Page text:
Lloyd’s businesses may be below book value and look ripe for the picking, but private equity companies are finding it tough to raise money, while insurers have the cash but are cagey. Even intra-market deals are doubtful, but a benign hurricane season might tip the balance
Apollo Global Management’s apparent determination to buy a Lloyd’s insurer raises the question of whether other private equity firms – or industry suitors – are of the same mind.
Apollo has made three bids for Brit Insurance Holdings, the first two of which the insurer rejected. But Apollo’s third bid, for £10.75 a share, was enough to encourage Brit to allow the private equity firm access to its books for due diligence. Even if this latest development does not result in an acquisition, there is some indication that Apollo might seek to buy another Lloyd’s operation, such as Chaucer or Novae.
Lloyd’s is one of the key places for those interested in exposing their capital to (re)insurance risk. International groups including Tokio Marine, Validus and Flagstone Re have bought into the world’s oldest insurance market over the past three years. Validus closed its acquisition of Talbot Holdings in July 2007, Tokio Marine completed its acquisition of Kiln in March 2008, and Flagstone bought Marlborough in October 2008.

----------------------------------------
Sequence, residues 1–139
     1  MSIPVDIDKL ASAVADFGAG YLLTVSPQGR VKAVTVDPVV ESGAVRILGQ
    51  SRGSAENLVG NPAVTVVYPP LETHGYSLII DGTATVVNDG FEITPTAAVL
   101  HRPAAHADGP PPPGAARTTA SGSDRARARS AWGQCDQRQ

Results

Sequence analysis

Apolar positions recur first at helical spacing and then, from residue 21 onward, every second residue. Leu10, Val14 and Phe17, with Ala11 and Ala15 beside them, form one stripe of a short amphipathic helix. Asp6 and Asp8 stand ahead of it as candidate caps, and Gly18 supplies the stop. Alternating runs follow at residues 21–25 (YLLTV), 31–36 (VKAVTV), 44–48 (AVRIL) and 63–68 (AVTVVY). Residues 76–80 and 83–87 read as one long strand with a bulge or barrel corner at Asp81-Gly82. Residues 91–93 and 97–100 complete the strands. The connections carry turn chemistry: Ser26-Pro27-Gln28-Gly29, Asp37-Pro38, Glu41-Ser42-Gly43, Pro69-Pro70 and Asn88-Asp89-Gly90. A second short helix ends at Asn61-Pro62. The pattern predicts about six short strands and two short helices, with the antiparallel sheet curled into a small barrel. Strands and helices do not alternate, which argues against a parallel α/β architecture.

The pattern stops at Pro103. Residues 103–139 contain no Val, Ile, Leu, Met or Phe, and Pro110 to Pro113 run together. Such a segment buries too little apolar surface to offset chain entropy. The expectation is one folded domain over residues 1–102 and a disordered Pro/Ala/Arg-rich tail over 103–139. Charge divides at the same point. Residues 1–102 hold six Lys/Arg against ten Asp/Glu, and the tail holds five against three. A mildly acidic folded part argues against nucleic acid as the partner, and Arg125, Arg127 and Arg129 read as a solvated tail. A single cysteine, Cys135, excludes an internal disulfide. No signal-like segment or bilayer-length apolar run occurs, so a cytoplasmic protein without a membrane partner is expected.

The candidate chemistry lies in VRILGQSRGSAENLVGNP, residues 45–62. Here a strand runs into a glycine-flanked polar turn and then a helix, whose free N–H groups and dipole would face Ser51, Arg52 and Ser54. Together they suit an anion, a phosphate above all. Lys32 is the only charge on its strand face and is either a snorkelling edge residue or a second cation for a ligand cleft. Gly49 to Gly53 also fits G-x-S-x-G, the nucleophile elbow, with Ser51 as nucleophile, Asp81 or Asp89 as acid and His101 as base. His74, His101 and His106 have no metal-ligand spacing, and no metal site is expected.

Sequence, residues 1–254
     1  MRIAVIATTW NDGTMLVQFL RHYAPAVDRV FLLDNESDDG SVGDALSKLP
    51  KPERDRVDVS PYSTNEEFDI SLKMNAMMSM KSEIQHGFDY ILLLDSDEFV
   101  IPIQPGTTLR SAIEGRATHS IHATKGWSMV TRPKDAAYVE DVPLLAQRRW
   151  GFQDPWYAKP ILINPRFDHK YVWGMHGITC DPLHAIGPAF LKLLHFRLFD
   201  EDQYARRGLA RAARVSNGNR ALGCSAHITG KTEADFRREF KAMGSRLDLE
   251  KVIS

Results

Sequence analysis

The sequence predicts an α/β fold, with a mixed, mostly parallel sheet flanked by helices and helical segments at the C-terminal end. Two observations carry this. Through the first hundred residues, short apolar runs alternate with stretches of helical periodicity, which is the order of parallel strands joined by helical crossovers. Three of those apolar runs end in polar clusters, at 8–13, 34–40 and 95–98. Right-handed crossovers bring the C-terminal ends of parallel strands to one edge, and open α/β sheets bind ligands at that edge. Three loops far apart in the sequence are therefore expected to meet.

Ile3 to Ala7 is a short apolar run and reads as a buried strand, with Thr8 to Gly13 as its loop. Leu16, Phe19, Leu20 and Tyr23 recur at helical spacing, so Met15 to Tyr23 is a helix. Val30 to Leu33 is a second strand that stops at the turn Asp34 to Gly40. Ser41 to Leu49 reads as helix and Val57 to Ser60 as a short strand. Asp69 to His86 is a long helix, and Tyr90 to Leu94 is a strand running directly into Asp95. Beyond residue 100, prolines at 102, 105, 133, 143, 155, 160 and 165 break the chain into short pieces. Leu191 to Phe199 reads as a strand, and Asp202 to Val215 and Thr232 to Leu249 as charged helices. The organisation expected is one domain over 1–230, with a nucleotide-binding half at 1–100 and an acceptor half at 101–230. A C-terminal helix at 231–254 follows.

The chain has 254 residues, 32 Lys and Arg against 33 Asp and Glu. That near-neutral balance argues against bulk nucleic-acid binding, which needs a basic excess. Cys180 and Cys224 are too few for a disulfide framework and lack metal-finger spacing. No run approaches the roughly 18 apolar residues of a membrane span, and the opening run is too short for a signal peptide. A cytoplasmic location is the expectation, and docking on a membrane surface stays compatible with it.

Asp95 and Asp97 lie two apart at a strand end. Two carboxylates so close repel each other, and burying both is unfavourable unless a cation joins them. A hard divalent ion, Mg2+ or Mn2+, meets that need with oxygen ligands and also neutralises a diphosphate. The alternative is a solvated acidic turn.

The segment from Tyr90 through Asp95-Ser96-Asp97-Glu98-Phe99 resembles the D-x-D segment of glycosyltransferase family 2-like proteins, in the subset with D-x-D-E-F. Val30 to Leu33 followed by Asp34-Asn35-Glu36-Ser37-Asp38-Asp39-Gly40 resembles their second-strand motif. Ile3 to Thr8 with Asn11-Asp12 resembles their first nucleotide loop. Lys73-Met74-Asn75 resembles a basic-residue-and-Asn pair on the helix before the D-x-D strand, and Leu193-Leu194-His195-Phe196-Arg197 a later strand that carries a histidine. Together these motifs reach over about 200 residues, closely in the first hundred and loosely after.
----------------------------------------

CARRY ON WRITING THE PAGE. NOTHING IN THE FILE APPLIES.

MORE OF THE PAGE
Lloyd’s, with its strict entry policy, is not the easiest or quickest place to set up an operation from scratch, but shares of listed Lloyd’s insurers are generally trading at discounts to their net asset values, making them more attractive to buyers.
Apollo is not the only private equity firm to have shown interest in Lloyd’s vehicles. Last year, Pamplona Capital Management built up a 9.99% stake in Chaucer, and was rumoured to be interested in increasing it further.
“You can see why a private equity company might take a look at a Lloyd’s business at the moment, because they might see hidden value there,” rating agency AM Best’s general manager, analytics, Miles Trotter says. “The share prices are depressed below net asset value. There is potential for a high-dividend yield, and you might see yourself as being well positioned for when the market turns around and rates improve.”
Barriers to deals
Furthermore, insurance and reinsurance companies, having replenished their balance sheets in 2009, have a surfeit of capital and little prospect of organic growth given the soft market in most business lines. Those without existing Lloyd’s operations might decide to rectify both situations with a purchase.